Return to school stirs up mixed emotion among students

Carlmont+students+walk+to+their+next+class+during+passing+period+after+the+entire+student+body+returned+to+school+in+August+for+the+new+school+year.

Karla Lee

Carlmont students walk to their next class during passing period after the entire student body returned to school in August for the new school year.

The transition to in-person learning after well over a year of online learning has been an abrupt and difficult transition for many Carlmont students and staff.

“Just all of a sudden, you have to sit in this classroom and completely pay attention to the teacher, and you’re being put on the spot and sitting next to a bunch of people,” Isabelle Kraemer, a sophomore at Carlmont, said.

Many students, such as Carlmont sophomore Helen Furman, have decided that the in-person interactions that have occurred since the return of in-person school with other students have greatly improved their mental health as compared to online school, which oftentimes made finding motivation for learning difficult due to social isolation.

“I [prefer] in-person school. I get to connect with more people, and I think it just makes my mental health overall better,” Helen Furman said.

However, many still see benefits to online school. One major benefit of online school was the ability not to have to worry about social standing or fitting in.

“With online, it was just so focused on just education, and that was it, but then with it, you stressed less about other aspects that you had in-person. In-person, it isn’t about just learning. It’s also about socializing, seeing your friends, and keeping up with society’s norms. On Zoom, you have a mute button, you can turn off your camera, and nobody has to see how you look or what you’re doing. It was just less stressful,” Kraemer said.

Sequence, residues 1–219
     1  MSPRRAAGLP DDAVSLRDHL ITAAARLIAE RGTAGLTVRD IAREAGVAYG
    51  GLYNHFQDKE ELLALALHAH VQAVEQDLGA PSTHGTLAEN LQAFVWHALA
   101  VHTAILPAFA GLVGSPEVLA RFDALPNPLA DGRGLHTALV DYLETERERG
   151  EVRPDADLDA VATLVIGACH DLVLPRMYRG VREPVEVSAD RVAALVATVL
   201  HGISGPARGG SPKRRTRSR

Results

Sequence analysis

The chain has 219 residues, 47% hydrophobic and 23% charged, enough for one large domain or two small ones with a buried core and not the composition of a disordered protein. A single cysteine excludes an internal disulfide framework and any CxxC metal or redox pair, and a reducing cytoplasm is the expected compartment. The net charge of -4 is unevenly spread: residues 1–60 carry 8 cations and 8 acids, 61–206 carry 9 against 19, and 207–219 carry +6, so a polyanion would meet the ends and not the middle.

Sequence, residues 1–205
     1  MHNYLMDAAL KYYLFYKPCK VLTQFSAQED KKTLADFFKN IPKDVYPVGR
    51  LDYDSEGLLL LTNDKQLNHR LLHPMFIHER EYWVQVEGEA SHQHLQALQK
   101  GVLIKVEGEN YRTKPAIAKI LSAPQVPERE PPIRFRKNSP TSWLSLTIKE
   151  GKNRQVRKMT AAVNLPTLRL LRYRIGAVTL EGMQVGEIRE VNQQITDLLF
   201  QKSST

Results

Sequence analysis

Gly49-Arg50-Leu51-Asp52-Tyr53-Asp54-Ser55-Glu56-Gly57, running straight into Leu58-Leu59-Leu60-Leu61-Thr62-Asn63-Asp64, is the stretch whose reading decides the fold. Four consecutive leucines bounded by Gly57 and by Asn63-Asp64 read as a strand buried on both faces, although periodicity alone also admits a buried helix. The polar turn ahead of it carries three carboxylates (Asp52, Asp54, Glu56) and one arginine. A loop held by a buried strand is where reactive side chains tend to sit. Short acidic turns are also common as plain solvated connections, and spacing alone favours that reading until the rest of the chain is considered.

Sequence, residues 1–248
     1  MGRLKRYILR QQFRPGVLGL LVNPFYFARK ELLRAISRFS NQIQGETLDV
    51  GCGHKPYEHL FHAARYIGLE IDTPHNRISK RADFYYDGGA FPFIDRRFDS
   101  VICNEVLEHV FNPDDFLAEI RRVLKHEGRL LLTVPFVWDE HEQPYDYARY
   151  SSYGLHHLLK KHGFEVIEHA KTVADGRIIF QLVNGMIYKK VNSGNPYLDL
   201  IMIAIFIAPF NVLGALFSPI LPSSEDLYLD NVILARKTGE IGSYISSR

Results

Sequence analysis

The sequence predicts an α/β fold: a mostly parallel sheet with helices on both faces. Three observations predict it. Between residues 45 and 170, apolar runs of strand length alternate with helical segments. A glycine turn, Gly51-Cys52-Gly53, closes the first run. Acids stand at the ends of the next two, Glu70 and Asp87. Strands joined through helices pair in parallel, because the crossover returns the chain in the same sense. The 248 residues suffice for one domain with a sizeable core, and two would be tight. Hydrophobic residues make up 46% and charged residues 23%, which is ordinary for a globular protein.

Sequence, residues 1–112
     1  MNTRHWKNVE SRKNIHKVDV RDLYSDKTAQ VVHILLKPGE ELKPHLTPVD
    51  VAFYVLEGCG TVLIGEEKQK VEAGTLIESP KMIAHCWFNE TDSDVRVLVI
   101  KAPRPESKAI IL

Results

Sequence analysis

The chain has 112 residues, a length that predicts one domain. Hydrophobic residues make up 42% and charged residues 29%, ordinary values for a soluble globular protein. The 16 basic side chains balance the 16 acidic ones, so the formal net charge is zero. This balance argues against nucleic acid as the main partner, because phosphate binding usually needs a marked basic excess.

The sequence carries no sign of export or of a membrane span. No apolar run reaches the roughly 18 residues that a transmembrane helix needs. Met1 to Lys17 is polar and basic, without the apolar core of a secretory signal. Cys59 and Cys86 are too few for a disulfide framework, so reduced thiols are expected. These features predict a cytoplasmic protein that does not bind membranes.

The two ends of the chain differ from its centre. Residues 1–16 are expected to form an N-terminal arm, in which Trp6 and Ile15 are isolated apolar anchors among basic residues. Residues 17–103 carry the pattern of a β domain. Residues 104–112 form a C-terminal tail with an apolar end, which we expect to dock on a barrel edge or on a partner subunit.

New health protocols such as the requirement for all students and staff to wear masks while indoors have also become a hindrance for many.

“It’s much harder to help students during lunch or before school because it is hard to teach all day in a mask… 85 minutes is a really long period, so rather than lecturing in person, I had my students use EdPuzzle videos from last year,” Rebecca Pearlman, a math teacher at Carlmont High School, said.

The masking requirement indoors also makes clubs that take place during lunch more difficult to operate than before the pandemic.

“I felt the club environment was a little bit better when we were able to eat inside, so it’s kind of hard for a club leadership member,” Leo Shohet, a senior at Carlmont High School, said.

Carlmont administration also now requires students to bring their laptops to school every day. Many students like the idea of bringing their own laptops to school due to the ease of use and convenience. However, other students, such as Kraemer, have issues with carrying around a heavy laptop all day.

“It hurts my back. Without it, my back is okay because I’m also carrying binders and books. But I think the pros [of having my own laptop] outweigh my back problems,” Kraemer said.

Another issue many students and teachers have brought up is the lack of air conditioning and air purifiers available in every room.

“I wish all the rooms had air conditioning for the safety of students and staff,” Pearlman said.

Despite concerns, overall, many students and staff are excited for the year to come and the reintroduction of in-person learning for the upcoming school year.

“I’m very happy that we’re going back in person, and I really hope that it kind of continues this way because I find it to be a much better learning experience,” Shohet said.

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